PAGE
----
With more and more people cutting the cord and looking for cheaper ways to watch TV, antennas have made a comeback. Consumer Reports explains why a little antenna upkeep will keep you from losing any of your favorite channels.
Imagine getting dozens of TV channels for free. Depending on where you live, that's exactly what a TV antenna can give you: Broadcast channels from the major networks, and maybe a few channels from networks you've never heard of. But you have to perform some easy maintenance with your remote control. It's called rescanning.
"Rescanning really is simply just having your TV tuner do an update to see if there are more channels that are available," said Consumer Reports Tech Editor Jim Willcox.
It's something you should do about once a month. Why? If it was a cloudy or rainy day when you did your original scan, you may not be getting all the channels available to you. And, some stations are adding subchannels, which could include a mix of classic TV shows, weather and foreign-language programming.
So, how exactly do you rescan?
"Every TV has its own way of doing a scan," Willcox said. "The main thing is that you should look for something called channel scan or channel tuning... that could be in the main menu, that could be under TV settings."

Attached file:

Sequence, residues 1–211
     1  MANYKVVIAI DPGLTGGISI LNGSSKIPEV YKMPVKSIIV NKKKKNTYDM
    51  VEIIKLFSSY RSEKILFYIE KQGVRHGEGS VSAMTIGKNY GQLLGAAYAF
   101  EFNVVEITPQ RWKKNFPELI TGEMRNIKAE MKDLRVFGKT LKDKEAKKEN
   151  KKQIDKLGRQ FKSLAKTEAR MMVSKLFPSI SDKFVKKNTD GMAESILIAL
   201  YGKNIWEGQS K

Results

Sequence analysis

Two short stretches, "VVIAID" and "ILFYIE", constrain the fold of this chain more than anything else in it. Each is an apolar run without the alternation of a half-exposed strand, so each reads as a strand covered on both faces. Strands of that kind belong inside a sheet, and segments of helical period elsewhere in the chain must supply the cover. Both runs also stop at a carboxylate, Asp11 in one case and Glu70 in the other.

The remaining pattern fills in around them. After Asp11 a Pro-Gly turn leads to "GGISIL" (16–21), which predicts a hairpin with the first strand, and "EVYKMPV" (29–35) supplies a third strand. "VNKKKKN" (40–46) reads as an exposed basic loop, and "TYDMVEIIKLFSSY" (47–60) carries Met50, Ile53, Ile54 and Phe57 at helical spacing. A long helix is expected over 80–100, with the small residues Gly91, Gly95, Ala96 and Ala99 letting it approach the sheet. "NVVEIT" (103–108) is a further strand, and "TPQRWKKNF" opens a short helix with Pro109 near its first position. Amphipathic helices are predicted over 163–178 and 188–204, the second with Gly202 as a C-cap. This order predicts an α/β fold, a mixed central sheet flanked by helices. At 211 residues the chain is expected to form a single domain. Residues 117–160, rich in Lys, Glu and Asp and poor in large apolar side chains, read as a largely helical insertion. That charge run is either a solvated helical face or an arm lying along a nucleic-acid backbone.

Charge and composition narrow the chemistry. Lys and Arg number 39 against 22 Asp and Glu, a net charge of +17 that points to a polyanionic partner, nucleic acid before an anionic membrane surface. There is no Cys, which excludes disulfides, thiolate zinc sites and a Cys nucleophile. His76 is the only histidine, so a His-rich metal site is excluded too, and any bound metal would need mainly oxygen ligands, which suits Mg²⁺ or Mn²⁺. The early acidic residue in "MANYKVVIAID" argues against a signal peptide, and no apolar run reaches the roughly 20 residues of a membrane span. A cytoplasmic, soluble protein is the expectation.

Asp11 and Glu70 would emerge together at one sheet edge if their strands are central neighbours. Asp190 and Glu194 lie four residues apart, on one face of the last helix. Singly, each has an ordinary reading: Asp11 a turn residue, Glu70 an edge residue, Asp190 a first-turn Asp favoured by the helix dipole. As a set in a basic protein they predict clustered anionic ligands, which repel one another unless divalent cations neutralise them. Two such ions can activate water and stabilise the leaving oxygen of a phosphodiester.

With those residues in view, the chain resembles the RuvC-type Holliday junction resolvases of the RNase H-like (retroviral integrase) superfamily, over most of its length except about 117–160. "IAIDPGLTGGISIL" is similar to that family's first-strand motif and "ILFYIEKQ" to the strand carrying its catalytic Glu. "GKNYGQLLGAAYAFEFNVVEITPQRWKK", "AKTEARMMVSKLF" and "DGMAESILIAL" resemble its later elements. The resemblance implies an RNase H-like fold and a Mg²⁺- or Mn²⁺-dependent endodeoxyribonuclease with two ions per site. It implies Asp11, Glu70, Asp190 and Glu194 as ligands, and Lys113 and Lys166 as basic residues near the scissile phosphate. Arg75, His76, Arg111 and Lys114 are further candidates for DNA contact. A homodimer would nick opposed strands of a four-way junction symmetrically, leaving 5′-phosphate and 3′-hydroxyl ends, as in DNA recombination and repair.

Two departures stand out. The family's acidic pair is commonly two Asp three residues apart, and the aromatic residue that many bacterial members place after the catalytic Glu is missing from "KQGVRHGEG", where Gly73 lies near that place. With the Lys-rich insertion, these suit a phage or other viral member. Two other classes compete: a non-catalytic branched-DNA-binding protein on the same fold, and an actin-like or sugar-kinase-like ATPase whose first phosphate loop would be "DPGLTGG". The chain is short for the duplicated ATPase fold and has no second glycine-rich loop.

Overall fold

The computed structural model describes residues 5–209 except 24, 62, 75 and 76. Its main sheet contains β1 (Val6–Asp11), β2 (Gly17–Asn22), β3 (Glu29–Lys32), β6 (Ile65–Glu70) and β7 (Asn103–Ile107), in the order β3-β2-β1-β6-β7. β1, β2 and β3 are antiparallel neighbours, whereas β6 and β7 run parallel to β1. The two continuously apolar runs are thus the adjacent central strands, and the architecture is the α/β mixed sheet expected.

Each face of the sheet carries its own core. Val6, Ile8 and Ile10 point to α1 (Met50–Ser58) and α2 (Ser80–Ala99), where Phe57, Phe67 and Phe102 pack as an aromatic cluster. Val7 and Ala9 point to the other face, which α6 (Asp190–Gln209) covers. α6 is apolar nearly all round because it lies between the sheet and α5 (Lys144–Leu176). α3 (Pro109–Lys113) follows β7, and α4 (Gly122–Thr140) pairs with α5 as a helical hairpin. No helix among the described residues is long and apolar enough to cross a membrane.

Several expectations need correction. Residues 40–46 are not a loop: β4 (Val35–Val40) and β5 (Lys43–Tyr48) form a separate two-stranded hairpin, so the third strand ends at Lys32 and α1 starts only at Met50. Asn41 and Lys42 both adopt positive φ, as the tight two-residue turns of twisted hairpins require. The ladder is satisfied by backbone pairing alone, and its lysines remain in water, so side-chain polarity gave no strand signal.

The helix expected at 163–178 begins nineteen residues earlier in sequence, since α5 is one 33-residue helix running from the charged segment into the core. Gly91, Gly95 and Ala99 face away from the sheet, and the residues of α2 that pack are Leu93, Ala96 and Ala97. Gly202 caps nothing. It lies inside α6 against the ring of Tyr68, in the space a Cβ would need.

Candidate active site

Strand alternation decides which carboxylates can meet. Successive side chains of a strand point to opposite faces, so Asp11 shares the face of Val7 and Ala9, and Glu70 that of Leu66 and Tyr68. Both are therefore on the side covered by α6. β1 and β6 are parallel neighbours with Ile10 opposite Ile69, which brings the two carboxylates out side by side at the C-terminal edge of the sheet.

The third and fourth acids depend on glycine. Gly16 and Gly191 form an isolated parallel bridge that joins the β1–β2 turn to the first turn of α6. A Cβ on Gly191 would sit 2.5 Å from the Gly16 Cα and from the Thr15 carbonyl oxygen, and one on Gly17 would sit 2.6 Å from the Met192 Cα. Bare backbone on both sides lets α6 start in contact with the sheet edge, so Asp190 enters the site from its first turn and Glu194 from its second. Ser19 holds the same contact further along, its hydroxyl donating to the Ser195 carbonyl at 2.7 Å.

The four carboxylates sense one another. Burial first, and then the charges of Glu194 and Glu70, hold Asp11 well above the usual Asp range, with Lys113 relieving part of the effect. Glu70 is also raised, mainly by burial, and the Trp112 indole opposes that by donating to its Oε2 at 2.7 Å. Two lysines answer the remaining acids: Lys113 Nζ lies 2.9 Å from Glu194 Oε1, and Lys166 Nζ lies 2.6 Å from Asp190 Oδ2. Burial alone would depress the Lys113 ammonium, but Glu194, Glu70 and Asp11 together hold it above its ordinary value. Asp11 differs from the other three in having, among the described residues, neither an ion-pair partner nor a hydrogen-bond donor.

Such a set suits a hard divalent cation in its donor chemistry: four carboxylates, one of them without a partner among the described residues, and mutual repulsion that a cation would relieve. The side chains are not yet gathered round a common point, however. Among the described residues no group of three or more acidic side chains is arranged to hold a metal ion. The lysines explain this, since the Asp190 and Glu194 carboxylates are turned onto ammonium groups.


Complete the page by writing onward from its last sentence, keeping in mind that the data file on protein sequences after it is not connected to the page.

If you can't find it anywhere else, try hitting the source or input button on your remote. And then select antenna. You'll most likely have the option of auto or manual scan. Consumer Reports suggests auto scan.
"Auto scan will just automatically look for all the channels that are available in your area," said Willcox.
Although rescanning has always been a good idea, it's even more important now.
"A couple of years ago, the FCC held a spectrum auction and they freed up some of the broadcast TV frequencies to make room for high speed wireless services," Willcox said. "As a result of that, about a thousand TV stations had to move their frequencies."
And that transition won't be complete until next summer, so make sure you rescan every once in a while.
Consumer Reports also says you don't have to worry about losing your favorite channels! None of your channel numbers will change, just the frequencies the signals are sent over.
All Consumer Reports material Copyright 2019 Consumer Reports, Inc. ALL RIGHTS RESERVED. Consumer Reports is a not-for-profit organization which accepts no advertising. It has no commercial relationship with any advertiser or sponsor on this site. For more information visit consumerreports.org
Consumer Reports: Why it's time to rescan your TV antenna
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